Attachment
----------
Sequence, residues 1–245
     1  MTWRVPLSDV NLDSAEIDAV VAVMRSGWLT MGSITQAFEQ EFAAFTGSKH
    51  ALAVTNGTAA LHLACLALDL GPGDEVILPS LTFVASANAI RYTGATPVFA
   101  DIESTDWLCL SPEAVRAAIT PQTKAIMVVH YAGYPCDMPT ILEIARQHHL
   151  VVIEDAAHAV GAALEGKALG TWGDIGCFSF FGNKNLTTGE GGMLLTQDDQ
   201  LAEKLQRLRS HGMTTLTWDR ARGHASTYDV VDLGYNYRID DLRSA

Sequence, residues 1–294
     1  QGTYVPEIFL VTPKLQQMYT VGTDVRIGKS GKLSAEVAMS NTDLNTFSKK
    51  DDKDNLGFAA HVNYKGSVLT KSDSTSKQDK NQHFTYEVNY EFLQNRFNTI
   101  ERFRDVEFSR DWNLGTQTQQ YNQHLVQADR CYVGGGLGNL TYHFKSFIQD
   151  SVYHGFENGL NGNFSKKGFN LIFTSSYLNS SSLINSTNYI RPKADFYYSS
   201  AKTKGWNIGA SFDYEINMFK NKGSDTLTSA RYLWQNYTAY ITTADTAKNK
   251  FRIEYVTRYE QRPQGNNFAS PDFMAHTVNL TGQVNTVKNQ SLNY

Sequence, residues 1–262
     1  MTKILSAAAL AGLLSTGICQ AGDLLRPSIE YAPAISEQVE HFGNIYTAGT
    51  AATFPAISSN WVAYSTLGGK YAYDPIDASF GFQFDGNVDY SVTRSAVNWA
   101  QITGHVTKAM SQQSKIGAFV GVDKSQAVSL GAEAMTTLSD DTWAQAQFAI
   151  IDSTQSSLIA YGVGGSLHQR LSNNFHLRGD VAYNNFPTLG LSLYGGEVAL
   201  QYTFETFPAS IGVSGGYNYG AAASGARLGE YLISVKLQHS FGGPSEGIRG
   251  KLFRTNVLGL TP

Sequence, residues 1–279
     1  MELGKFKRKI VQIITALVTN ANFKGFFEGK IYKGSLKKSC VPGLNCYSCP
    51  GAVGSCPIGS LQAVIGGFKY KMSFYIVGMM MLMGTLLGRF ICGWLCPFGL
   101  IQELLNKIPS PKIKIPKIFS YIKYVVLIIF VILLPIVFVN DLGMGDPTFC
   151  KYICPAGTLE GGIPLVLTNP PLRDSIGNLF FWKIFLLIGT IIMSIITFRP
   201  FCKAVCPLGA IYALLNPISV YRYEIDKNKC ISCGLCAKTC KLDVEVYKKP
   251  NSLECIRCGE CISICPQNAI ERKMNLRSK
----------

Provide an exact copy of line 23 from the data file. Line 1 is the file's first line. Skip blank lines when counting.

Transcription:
    51  GAVGSCPIGS LQAVIGGFKY KMSFYIVGMM MLMGTLLGRF ICGWLCPFGL